Aroused at last, in 1851 President Fillmore dispatched the United States steamer Michigan to the island kingdom to arrest its king on the charge of treason. He was carried to Detroit, where twelve indictments were found against him. He conducted his own defense with ability; his oratorical gift, mag­netic personality, ingenious pleas, and scriptural knowledge were all brought to bear upon the jury. His closing argument, in which he posed as one "persecuted for right­eousness' sake," was masterly, and brought about a verdict of acquittal.

He returned in triumph to his kingdom, more devoted to its interests and ambitious for his own advancement. The quarrels be­tween the Mormons and the Gentiles in­creased, and the newspapers took up the controversy. Strang's busy pen was employed in defending the doctrines and practices of his people. He wrote much and upon a va­riety of subjects; he was greatly interested in natural history, and possessed a library which permitted him to gratify his love for miscellaneous reading, as in literature he sought relief from the vexations of rulers.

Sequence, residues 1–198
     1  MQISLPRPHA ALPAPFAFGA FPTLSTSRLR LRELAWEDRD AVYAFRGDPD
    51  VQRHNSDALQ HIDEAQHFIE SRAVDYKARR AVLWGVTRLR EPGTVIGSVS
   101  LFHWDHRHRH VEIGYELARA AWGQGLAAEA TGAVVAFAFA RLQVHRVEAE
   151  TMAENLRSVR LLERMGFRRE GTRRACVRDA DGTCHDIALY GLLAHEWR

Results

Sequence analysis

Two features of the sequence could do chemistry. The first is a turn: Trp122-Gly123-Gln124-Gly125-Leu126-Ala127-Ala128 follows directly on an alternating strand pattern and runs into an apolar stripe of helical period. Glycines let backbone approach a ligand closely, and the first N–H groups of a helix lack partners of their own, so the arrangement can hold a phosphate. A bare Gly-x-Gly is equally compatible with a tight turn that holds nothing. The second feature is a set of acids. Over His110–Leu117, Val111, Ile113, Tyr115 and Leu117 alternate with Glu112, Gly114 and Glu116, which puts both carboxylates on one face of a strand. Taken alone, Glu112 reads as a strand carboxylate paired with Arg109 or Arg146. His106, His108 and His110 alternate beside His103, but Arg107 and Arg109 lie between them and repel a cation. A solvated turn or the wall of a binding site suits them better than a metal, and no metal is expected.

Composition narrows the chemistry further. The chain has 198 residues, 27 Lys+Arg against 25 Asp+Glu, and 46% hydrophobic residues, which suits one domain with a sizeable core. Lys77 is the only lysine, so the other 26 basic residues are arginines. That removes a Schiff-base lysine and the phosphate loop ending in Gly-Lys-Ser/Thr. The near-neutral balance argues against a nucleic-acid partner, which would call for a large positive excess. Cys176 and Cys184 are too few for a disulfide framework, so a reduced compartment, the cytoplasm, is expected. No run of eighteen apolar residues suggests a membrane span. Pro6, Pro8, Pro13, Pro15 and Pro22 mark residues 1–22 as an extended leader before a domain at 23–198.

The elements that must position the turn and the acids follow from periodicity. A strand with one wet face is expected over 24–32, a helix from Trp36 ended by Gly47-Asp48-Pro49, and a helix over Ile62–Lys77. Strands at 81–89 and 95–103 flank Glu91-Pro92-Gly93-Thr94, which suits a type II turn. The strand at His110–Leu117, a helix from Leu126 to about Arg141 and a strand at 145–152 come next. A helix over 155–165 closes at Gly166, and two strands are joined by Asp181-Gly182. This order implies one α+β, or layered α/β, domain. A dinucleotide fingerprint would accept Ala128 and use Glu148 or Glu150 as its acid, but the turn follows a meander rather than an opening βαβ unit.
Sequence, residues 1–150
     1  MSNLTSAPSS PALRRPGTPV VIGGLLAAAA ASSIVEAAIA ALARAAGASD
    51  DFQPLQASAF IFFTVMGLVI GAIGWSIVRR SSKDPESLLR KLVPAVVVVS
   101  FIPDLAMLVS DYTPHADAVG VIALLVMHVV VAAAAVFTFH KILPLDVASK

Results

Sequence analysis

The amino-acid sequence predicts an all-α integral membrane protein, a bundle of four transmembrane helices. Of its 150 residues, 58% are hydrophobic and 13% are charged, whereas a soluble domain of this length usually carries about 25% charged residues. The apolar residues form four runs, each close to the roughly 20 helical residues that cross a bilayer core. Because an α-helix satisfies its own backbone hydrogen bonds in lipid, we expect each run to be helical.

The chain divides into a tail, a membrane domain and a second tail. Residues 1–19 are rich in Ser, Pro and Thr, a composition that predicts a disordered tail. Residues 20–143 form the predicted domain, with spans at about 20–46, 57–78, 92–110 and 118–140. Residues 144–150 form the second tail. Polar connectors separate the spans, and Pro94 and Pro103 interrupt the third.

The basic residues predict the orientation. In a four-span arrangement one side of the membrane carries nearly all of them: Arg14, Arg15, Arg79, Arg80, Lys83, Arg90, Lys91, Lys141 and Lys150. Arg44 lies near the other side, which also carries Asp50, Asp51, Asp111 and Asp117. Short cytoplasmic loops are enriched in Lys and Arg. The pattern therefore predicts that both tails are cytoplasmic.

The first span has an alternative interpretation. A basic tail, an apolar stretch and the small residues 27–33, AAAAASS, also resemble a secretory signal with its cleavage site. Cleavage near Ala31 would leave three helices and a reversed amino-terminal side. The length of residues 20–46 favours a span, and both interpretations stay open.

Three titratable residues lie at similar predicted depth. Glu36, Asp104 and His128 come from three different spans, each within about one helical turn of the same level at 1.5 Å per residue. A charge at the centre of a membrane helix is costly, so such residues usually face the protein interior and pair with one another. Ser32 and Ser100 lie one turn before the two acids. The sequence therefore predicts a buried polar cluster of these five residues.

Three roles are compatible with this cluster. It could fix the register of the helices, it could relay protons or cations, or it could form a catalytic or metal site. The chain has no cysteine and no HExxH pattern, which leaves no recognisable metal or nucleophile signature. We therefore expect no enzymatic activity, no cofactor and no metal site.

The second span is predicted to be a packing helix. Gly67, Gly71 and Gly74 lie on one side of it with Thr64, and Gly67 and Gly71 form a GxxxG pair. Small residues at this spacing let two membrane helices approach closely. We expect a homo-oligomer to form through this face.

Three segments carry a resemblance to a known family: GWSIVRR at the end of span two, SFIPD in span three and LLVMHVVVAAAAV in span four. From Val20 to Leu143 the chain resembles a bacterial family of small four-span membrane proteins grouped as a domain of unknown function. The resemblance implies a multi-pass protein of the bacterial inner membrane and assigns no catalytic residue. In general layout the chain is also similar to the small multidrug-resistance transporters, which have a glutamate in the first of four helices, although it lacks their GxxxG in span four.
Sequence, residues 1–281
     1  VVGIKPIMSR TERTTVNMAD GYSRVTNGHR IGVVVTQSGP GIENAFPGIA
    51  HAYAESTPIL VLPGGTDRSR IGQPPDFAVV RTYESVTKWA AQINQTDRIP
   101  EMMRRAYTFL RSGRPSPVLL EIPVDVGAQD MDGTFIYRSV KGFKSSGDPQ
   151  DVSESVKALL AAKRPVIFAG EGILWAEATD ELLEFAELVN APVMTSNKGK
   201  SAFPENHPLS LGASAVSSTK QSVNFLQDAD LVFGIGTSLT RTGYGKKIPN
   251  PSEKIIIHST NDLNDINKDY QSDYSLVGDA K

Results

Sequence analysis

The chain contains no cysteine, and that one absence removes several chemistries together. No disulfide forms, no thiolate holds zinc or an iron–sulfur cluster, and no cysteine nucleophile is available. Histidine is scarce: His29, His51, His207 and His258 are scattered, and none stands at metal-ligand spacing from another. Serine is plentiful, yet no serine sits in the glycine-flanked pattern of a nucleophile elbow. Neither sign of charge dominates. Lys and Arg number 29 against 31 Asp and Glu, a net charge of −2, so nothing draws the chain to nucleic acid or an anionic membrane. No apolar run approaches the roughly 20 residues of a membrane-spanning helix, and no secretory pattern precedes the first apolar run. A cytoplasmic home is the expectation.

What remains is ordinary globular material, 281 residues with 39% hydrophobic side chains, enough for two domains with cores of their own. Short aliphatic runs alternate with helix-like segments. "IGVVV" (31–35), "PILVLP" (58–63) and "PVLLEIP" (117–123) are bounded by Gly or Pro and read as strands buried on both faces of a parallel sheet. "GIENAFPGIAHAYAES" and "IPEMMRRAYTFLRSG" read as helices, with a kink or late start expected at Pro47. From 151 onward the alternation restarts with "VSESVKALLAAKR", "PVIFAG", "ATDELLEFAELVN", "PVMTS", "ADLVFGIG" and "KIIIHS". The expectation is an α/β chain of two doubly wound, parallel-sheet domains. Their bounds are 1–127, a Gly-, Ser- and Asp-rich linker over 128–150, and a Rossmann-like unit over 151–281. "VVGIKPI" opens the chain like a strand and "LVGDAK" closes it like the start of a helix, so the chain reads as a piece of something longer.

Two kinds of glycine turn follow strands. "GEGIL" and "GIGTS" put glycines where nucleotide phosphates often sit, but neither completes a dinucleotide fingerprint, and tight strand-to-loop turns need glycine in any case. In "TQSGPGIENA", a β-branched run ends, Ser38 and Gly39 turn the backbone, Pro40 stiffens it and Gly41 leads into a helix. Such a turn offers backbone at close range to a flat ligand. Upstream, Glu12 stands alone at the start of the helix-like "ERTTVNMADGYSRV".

As an evidence of his diplomacy, he se­cured his election to the State legislature of Michigan, and, later, the passage of a bill by which the Beaver, Fox, and Manitou islands were united to form the county of Manitou. This placed under his control the entire machinery of the law. From that day it fared ill with a Gentile who had offended a Mormon; as sheriff, jury, and judge were of that faith, the accused was invariably convicted by a process apparently legal.

With the passing years Strang increased the severity of his discipline, but when he introduced the corporal punishment of adults great dissatisfaction resulted. This, with his systematic efforts to force polygamy upon his people, caused internal dissension, which resulted in his ruin. He delighted to talk of "Solomon and his thousand wives," and followed his example to the extent of having five; but he never succeeded in making plural marriages popular, for though several of his elders had three each, there were only fifteen others who were not content with one wife. At the annual conference in 1855 he sternly denounced those who failed to obey the rules he had made, who used tobacco or any bever­age other than water, saying, "The law of GOD shall be kept in this land, or men shall walk over my dead body."